Former Liberian president Charles Taylor sold conflict diamonds to known al-Qaeda operatives that may have been used to finance the September 11 attacks on the United States, according to a confidential report from the UN-backed war crimes court in Sierra Leone. “It is clear that al-Qaeda had been in west Africa since September 1998 and maintained a continuous presence in the area through 2002,” said the document, produced by the office of prosecutor David Crane.
The document, gleaned from press reports, witnesses to sightings of al-Qaeda operatives in Liberia and interviews with a single, unnamed source, is the latest effort to link the global terror network to conflict diamonds mined during the civil war that ravaged the west African state for a decade.
But more tellingly, according to Washington Post reporter Douglas Farah, who first revealed many of the links between Taylor and the terror group, it shows the flagrant intelligence shortfalls in truly understanding al-Qaeda’s connections to Africa.
“The United States has not perceived itself to have a strategic interest in sub-Saharan Africa on the terrorism front until very recently,” Farah said in a 5 August interview with allAfrica.com.
“The development not only in Liberia of a functioning criminal state is not a secret to anyone who has been to the region or who lives in the region. The whole scenario is part of the neglect by the outside world.”
What it is not, said former US ambassador to Sierra Leone Joseph Melrose, is a smoking gun.
“You can’t say it hasn’t happened, but you can’t prove evidence in court because it is circumstantial evidence,” he told AFP by telephone from Pennsylvania.
“But there is a long tradition in the diamond sector (of shady dealings) and they have to acknowledge that some of these blood diamonds could be terror diamonds.”
Taylor, a warlord who rose to the presidency in 1997 after a seven-year rebellion, is at the centre of the intricate relations between al-Qaeda and Sierra Leone’s Revolutionary United Front rebels.
Citing the watchdog group Global Witness, the document states that Taylor’s government “facilitated access for al-Qaeda operatives into Sierra Leone and Liberia in exchange for diamonds and weapons.”
According to US officials quoted in a 4 August article by the Boston Globe, Taylor was also paid protection money by al-Qaeda operatives, among them Ahmed Khalfan Ghailani, a Tanzanian national who was arrested 25 July in Pakistan after a blazing gunbattle.
Ghailani, a key planner in Osama bin Laden’s network, is accused of masterminding the 1998 US embassy bombings in Kenya and Tanzania.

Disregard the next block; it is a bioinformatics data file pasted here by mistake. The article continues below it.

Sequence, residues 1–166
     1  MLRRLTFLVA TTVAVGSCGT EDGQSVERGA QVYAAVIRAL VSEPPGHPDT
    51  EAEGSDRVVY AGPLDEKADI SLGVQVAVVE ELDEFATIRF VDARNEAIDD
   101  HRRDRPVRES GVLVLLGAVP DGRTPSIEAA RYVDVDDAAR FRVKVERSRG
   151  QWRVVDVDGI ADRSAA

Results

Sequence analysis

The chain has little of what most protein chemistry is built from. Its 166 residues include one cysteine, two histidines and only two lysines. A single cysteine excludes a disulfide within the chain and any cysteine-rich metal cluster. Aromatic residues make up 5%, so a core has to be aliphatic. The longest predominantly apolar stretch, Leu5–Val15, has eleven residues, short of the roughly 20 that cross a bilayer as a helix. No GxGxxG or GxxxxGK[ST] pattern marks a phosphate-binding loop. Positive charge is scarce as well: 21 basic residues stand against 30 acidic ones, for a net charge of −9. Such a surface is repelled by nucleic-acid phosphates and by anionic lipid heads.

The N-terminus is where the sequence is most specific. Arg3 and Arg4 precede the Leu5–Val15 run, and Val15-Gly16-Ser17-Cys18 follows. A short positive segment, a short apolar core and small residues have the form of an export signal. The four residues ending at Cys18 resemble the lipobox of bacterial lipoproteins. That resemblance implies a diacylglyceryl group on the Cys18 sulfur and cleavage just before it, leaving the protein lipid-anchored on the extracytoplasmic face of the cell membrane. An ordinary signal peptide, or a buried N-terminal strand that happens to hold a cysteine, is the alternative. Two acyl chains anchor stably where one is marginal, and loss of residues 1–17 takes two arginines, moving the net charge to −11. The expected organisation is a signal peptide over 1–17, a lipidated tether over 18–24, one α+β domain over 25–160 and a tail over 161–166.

The court dossier alleges he met several times in 1999 with Charles Taylor at his residence in Monrovia, around the time of an armed uprising to rid Liberia of Taylor that finally ended in August last year.
Another top al-Qaeda player with connections to Liberia is Abdullah Ahmed Abdullah, a senior financial officer included on the US Federal Bureau of Investigation’s most wanted list.
Witnesses told the Washington Post that he arrived in Liberia in September 2000 and established a good relationship with Ibrahim Bah, a top RUF commander who served as a go-between between the RUF leadership and Taylor.
The dossier’s most voluble source, who remains unidentified, said that it was Bah who arranged for Abdullah to buy millions of dollars worth of diamonds from Taylor that had been mined in Sierra Leone.
Those diamonds were smuggled out through channels arranged by Taylor or Samih Ossaily and Aziz Nassour, both of whom are in custody in Belgium awaiting trial for their shady dealings in Sierra Leone.
Taylor, a US-educated preacher who has long boasted that he was an agent of the US Central Intelligence Agency, has so far eluded trial at the war crimes court on charges he trained and armed the rebels who launched their uprising from Liberia in 1991.
Massive international pressure sent Taylor into exile in Nigeria, where President Olusegun Obasanjo has steadfastly resolved to keep him until Liberia itself reclaims the former warlord for trial at its own war crimes court.
Court observers say the dossier presented by Crane to the US commission investigating the September 11 attacks was a bid to boost pressure on the US government to force Nigeria to hand Taylor over for trial.
But the commission did not heed the report, going so far as to deny that there was “no persuasive evidence that al-Qaeda funded itself by trading in African conflict diamonds”.
“Try as they might, they just can’t get Taylor,” a Western diplomat told AFP. “They even throw out the al-Qaeda connection and they still can’t get him.”